I don’t like the idea of a multiverse. I think it’s bad science. This might sound odd coming from someone who has just recently blogged about how all discrete universes simpler than are own are real. But I see a difference. In fact, the term ‘multiverse’ makes me groan each time I hear it.
Why? Because in order for the idea of a ‘multiverse’ of the sort that’s commonly envisaged to be correct, it requires that we buy into the existence of a very large amount of stuff, the existence of which we can never prove or disprove. (Just to make it clear exactly what kind of multiverse I don’t like, it’s the kind that invokes the ‘string-theory landscape‘ and asserts that a very large number of independent universes that share some kind of physical reality with our own.) This notion strikes me as unscientific.
One might argue that I have done exactly the same thing with my assertions about mathematical reality. However, the fact that I can count demonstrates that the integers exist, at least up to the value at which I’ve counted. Because the act of counting provides a complete implicit description of each integer, I have duplicated that pattern within my own universe. Hence, the pattern is ‘real’. The same cannot be said for vast tranches of hypothetical spacetime, each requiring eleven smooth dimensions for their description.
The most eloquent defender of the multiverse notion is, in my opinion, Max Tegmark, the same man who proposed the Mathematical Universe Hypothesis. I quote (via Wikipedia):
A skeptic worries about all the information necessary to specify all those unseen worlds. But an entire ensemble is often much simpler than one of its members. This principle can be stated more formally using the notion of algorithmic information content. The algorithmic information content in a number is, roughly speaking, the length of the shortest computer program that will produce that number as output. For example, consider the set of all integers. Which is simpler, the whole set or just one number? Naively, you might think that a single number is simpler, but the entire set can be generated by quite a trivial computer program, whereas a single number can be hugely long. Therefore, the whole set is actually simpler. Similarly, the set of all solutions to Einstein’s field equations is simpler than a specific solution. The former is described by a few equations, whereas the latter requires the specification of vast amounts of initial data on some hypersurface.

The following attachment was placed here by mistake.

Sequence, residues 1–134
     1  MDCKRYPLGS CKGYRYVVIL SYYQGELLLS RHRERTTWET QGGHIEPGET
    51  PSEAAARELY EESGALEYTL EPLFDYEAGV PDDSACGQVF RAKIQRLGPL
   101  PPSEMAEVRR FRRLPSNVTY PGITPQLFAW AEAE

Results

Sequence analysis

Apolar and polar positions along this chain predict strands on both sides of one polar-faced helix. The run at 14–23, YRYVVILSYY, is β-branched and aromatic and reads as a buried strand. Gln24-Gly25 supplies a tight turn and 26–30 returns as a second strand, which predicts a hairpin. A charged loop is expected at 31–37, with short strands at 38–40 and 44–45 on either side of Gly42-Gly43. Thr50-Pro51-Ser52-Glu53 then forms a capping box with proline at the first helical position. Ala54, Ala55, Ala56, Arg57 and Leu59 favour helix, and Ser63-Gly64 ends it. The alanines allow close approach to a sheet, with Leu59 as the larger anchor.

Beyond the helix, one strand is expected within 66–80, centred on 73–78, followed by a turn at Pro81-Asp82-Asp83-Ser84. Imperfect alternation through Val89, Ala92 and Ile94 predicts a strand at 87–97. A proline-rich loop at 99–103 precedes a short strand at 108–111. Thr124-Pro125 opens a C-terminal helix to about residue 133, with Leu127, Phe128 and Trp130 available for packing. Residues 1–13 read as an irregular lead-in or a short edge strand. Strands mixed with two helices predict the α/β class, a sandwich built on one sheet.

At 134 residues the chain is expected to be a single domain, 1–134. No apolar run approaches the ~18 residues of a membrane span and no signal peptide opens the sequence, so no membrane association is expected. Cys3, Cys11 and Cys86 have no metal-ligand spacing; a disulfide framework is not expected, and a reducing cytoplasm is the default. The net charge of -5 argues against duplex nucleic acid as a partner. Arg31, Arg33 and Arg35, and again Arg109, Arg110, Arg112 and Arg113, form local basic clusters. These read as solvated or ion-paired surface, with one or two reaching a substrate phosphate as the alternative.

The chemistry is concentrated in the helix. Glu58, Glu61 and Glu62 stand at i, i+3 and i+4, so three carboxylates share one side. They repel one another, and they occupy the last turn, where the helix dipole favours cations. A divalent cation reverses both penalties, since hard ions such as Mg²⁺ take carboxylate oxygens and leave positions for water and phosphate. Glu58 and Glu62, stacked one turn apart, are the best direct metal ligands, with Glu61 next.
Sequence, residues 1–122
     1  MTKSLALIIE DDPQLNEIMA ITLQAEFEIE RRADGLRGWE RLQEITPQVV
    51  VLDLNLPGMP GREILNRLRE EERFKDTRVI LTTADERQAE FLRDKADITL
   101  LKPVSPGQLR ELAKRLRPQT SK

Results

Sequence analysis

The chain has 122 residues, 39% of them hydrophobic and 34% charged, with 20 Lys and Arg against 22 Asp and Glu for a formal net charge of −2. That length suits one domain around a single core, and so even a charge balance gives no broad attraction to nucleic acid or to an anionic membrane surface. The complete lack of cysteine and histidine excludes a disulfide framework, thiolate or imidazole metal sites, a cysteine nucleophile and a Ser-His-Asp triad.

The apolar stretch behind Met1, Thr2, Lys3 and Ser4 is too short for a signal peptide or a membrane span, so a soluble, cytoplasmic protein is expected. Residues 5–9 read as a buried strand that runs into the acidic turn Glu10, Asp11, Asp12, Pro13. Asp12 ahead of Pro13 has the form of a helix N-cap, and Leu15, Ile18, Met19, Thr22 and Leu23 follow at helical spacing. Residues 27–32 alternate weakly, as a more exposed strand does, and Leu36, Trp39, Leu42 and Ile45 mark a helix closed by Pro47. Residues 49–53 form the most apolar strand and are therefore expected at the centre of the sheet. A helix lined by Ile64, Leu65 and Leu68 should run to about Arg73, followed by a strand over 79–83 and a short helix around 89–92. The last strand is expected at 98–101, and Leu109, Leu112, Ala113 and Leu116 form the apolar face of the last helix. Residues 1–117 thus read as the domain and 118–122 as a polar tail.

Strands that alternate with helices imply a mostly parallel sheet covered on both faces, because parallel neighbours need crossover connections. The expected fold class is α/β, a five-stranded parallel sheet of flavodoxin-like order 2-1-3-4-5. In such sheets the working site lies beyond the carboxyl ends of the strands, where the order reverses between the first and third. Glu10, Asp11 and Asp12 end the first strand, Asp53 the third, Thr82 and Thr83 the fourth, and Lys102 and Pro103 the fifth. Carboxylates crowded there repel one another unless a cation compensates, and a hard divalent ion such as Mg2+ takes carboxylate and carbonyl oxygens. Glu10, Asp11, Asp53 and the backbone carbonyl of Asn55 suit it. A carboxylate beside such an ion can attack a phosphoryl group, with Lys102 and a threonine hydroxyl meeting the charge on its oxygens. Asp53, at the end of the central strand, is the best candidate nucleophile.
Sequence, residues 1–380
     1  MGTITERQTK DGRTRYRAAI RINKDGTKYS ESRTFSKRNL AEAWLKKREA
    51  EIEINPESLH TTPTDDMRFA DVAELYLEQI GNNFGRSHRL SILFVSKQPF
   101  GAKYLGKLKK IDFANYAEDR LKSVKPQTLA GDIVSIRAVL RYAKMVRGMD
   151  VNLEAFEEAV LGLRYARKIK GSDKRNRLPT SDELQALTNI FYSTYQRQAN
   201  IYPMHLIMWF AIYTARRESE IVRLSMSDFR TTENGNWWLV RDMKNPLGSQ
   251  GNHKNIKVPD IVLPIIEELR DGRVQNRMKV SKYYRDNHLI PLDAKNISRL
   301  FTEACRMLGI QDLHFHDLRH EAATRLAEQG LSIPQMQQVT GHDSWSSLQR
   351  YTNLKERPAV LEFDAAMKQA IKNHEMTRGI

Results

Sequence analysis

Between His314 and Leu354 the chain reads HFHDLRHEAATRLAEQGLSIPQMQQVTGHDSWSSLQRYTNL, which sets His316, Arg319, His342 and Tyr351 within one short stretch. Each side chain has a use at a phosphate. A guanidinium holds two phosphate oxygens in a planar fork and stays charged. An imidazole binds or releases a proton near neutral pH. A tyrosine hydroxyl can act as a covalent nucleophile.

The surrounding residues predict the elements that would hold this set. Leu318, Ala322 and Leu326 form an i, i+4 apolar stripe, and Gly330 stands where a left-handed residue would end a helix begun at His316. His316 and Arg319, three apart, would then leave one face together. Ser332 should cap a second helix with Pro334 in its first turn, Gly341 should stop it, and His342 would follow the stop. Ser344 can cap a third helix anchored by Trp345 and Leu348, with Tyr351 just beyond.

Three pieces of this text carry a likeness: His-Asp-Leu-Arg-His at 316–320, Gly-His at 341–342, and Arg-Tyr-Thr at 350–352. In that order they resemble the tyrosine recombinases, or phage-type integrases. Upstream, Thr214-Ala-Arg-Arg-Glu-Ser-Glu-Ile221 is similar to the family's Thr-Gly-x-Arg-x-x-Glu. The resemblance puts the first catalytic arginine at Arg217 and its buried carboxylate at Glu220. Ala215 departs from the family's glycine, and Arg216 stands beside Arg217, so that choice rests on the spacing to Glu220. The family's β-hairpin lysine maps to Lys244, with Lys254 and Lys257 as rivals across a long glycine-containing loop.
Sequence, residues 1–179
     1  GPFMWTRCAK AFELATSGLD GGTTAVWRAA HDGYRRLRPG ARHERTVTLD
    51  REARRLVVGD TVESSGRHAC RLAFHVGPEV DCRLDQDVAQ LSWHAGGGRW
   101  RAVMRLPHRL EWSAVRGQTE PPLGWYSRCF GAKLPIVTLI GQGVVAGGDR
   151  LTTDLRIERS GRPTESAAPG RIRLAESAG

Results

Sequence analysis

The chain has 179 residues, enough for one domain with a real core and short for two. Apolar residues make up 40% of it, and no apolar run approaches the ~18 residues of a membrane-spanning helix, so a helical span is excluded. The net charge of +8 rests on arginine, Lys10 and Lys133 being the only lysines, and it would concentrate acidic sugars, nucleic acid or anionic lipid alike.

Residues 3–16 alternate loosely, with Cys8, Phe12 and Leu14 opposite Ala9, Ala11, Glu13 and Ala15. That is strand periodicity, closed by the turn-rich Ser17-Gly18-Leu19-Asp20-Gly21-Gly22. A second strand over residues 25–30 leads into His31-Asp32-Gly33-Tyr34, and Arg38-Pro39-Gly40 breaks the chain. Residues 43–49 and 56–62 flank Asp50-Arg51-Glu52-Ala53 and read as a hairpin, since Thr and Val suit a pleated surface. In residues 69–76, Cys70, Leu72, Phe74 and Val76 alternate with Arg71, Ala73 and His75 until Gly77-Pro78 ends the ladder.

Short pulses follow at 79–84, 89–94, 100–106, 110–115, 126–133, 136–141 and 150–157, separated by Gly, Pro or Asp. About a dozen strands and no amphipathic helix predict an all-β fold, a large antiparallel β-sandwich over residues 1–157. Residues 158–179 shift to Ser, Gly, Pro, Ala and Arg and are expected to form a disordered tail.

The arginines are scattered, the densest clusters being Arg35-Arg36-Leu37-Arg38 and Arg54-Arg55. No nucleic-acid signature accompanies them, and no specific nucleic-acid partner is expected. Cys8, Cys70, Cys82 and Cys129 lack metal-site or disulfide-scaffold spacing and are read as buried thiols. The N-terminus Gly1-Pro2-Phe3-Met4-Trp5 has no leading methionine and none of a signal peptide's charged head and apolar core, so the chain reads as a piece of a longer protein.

He’s dead right that a rule can be simpler than a result. However, as we’ve seen in previous posts, exactly the logic he invokes here to justify the multiverse rules out the existence of universes any more complex than the minimum needed to describe our own. That same logic also makes it clear that those universes are mathematically disjoint from each other. So while they may share a mathematical reality, sharing a physical reality they almost certainly do not.
So if it’s easy to reach the conclusion that a multiverse is an ugly idea, why is it so frequently invoked? Because, I would propose, it makes it easier to justify the usage of models that are otherwise hard to support.
This is the second reason I don’t like the notion of a multiverse. Not only does it require an unscientific abundance, but it smells of a kind of theoretical cosmology that is slowly bankrupting itself. Requiring that we believe in a very large number of things we can never witness is fine, so long as it’s the only viable explanation. (Sherlock Holmes springs to mind.) However, when it comes to theoretical cosmology, there are plenty of options out there that have been barely explored.
This is not to say that I have something better to replace the current favorite models, because I do not. I’m not a theoretical cosmologist. However, as an engaged citizen scientist, it’s my job to exercise skepticism about any explanation I’m presented with that I either don’t understand, or which appears to break in the face of simple logic.
If I become better informed and change my mind, that’s okay, because exercising doubt is the best way to know what questions to ask.
I greatly enjoyed the feedback I got on my last post. So here’s a little more digital philosophy for you.
Last time, we proposed that all logically-derived sequences less complex than the universe could be said to be real. However, given that we still don’t know how complex our own universe actually is, the total set of things that are ‘real’ is still ambiguous.
You can go one of three ways here:
2: You can take the line that Jurgen Schmidhuber does, and say that only computable mathematics is real. In other words, only those theories of nature that can be represented as computer programs need be considered. (Tegmark appears to have also considered this option.)